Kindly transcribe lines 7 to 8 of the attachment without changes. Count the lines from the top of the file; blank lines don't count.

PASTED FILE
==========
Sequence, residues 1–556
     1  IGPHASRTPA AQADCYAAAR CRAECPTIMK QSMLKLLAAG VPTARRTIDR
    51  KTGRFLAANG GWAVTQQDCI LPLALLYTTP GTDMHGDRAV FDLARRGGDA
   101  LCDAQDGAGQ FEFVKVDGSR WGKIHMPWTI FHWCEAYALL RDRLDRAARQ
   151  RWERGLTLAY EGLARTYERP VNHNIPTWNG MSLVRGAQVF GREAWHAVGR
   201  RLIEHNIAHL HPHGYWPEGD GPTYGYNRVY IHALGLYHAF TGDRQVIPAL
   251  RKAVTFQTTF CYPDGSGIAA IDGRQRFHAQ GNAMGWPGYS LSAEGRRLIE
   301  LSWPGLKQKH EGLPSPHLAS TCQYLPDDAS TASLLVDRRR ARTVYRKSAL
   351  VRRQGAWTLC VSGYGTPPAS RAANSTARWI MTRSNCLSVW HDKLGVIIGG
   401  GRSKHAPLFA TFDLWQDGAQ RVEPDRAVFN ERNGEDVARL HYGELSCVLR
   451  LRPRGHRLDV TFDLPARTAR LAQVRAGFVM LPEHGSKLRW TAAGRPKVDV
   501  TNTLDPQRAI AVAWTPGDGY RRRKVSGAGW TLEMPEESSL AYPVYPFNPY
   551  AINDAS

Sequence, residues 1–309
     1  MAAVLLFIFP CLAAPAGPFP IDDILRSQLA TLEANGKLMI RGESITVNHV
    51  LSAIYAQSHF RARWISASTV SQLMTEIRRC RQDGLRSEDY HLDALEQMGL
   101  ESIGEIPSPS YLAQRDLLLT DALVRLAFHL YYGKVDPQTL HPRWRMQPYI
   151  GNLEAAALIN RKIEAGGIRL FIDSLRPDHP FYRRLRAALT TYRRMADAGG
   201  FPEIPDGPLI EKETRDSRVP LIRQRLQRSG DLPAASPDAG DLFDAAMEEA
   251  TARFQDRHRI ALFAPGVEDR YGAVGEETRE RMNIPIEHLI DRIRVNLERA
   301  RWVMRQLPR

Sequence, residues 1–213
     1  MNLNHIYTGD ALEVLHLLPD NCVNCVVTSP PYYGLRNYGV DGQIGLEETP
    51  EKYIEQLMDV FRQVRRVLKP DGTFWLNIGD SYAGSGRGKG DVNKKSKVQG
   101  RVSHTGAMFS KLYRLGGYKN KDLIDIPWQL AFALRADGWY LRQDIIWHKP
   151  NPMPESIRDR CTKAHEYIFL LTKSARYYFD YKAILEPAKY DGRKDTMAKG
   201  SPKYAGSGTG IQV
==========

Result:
   251  RKAVTFQTTF CYPDGSGIAA IDGRQRFHAQ GNAMGWPGYS LSAEGRRLIE
   301  LSWPGLKQKH EGLPSPHLAS TCQYLPDDAS TASLLVDRRR ARTVYRKSAL